IMR Press / FBL / Volume 10 / Issue 2 / DOI: 10.2741/1623

Frontiers in Bioscience-Landmark (FBL) is published by IMR Press from Volume 26 Issue 5 (2021). Previous articles were published by another publisher on a subscription basis, and they are hosted by IMR Press on as a courtesy and upon agreement with Frontiers in Bioscience.

Open Access Article
Role of calcium-containing crystals in osteoarthritis
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1 Miami VA Medical Center and Dept. of Biomedical Engineering, University of Miami, 1201 N.W. 16th St. Miami, FL 33125, USA

Academic Editor: Yubo Sun

Front. Biosci. (Landmark Ed) 2005, 10(2), 1336–1340;
Published: 1 May 2005
(This article belongs to the Special Issue Crystals-associated arthropathies and therapeutic development)

The deposition of calcium-containing crystals in articular tissues is probably an underrecognized event. Clinical observations indicate that exaggerated and uniquely distributed cartilage degeneration is associated with these deposits. Perhaps the most compelling argument favoring a role for crystals in causing osteoarthritis stems from their in vitro effects on articular tissues. In this review, we will highlight some of the recent findings that further reinforce the thesis that basic calcium phosphate (BCP) and calcium pyrophosphate dihydrate (CPPD) crystals can cause the degeneration of articular tissues in 2 separate pathways. In the "Direct" pathway, crystals directly induce fibro-blast-like synoviocytes to proliferate and produce metalloproteinases and prostaglandins. The other "Paracrine Pathway" involves the interaction between crystals and macrophages/monocytes which leads to synthesis and release of cytokines which can reinforce the action of crystals on synoviocytes and/or induce chondrocytes to secrete enzymes and which eventually cause the degeneration of articular tissues.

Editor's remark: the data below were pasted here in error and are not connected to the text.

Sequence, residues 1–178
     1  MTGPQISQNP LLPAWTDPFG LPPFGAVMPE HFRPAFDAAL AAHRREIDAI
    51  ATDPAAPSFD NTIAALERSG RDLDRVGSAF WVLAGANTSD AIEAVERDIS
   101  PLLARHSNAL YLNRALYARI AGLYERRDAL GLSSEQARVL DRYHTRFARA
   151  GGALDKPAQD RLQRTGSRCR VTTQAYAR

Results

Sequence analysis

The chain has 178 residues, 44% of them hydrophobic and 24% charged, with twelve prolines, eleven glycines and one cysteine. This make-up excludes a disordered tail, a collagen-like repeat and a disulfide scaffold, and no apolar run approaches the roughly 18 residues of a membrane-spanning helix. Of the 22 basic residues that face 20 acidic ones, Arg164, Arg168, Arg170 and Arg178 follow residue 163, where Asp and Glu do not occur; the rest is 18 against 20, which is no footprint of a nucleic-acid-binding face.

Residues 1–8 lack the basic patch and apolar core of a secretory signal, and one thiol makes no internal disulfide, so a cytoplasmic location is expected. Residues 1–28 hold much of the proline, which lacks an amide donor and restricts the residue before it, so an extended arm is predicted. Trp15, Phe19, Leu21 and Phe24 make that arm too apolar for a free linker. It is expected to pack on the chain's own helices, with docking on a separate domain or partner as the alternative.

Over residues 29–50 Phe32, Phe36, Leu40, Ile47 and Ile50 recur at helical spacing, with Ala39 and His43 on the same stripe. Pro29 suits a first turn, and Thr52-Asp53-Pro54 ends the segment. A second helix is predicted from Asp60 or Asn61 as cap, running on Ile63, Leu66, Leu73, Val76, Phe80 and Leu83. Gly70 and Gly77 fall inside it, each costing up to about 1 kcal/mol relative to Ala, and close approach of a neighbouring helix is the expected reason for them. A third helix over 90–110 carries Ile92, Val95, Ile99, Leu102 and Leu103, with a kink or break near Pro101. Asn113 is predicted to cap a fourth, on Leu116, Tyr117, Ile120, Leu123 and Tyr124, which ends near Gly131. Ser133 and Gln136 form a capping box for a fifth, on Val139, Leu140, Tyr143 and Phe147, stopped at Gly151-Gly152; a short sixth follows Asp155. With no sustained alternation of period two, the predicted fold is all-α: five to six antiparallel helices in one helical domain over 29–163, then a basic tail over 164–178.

BCP crystals
CPPD Crystals
Matrix Metalloproteinases
Early Response Genes
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